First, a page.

Dating violence sexual assault
“For example, demanding to know where someone is at all times, touching or pinching parts of someone's body in public when they’ve made it clear it’s unwanted, or controlling what type of clothes someone wears—these are all abusive behaviors that violate someone’s boundaries.” The laws about sexual violence and dating violence vary by state and situation.The following information is not a legal guide or an exhaustive list—rather it’s a general list of early warning signs for behaviors that are, or could become, violent.Dating violence includes: Dating violence often starts with emotional abuse.You may think that behaviors like calling you names or insisting on seeing you all the time are a "normal" part of relationships.Whether you need support now or years after experiencing sexual assault or dating violence, confidential help is available 24 hours a day.UHS Victim Advocacy & Violence Prevention provides free victim advocacy and confidential support to UW-Madison student victim/survivors of sexual assault, dating violence, domestic violence, and/or stalking.24-Hour Help Lines 608-251-4445 or 800-747-4045 UHS Mental Health Services provides confidential on-campus mental health resource for UW–Madison students, providing individual, couple/partner, and group counseling.608-265-5600 (option 2) 333 East Campus Mall, Floor 7 edu 24-Hour Crisis Services: 608-265-5600 (option 9) Many students are sexually assaulted while intoxicated and are not sure exactly what happened or which resources they need.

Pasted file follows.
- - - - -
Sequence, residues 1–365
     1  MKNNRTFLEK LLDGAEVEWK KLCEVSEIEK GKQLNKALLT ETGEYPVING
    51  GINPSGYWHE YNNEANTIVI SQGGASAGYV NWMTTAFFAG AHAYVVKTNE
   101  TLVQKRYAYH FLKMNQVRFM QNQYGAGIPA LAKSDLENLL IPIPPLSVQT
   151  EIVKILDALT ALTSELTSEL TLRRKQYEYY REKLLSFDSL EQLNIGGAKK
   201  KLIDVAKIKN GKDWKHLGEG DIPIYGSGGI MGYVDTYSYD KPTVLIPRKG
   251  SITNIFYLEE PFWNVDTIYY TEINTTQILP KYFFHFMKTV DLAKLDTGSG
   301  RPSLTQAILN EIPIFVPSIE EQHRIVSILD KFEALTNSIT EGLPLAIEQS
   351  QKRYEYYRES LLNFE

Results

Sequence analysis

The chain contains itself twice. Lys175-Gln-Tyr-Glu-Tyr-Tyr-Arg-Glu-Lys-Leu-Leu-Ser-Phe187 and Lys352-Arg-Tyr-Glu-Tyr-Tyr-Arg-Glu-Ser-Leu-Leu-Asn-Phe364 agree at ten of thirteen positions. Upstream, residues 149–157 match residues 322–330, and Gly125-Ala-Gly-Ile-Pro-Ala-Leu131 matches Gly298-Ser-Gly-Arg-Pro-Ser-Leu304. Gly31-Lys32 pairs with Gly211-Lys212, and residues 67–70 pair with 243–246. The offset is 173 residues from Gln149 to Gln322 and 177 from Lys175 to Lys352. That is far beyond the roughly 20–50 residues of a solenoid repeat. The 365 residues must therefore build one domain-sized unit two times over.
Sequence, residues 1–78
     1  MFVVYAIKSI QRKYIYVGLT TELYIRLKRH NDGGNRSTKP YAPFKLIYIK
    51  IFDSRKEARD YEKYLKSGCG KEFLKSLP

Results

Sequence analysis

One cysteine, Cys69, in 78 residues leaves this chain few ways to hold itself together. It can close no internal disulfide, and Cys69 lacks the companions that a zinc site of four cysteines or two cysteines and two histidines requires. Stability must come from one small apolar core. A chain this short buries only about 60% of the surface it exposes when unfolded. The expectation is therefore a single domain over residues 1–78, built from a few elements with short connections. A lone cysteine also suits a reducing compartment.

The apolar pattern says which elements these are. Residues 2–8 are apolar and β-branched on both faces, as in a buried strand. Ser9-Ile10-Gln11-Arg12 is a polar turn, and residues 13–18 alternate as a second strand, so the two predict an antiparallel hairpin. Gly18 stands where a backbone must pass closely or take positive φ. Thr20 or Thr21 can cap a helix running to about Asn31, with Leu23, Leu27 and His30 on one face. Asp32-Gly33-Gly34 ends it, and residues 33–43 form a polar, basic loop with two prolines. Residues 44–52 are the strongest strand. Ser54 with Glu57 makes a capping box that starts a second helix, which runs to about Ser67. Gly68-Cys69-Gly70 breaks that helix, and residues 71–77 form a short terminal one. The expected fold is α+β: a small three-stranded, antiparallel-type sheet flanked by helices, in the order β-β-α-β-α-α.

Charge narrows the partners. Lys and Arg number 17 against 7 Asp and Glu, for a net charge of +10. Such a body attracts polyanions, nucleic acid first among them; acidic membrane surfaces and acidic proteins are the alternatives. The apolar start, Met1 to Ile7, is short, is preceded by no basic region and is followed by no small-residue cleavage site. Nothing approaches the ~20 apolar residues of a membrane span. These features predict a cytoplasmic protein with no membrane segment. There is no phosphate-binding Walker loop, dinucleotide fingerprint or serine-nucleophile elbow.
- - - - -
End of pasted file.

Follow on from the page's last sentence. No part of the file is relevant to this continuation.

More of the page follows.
Identifying these early signs of abuse may provide a chance for a person at risk to exit a relationship safely before further harm occurs. “The answer to the question, ‘What does dating violence look like?
February is Teen Dating Violence Awareness month, but dating violence can happen across all age groups.
The way dating violence is often portrayed in the media suggests acts of physical and sexual violence.
UHS is a confidential, non-judgmental place for students of all genders to discuss options, regardless if they were drinking.
UHS can review the risk of pregnancy, STIs, and physical injuries with the student, and provide more information about reporting options, emotional support, and academic accommodations.
The University is taking steps to prevent sexual assault, domestic violence, dating violence and stalking (SADVDVS), raise the awareness of SADVDVS and improve response to incidents and services for survivors.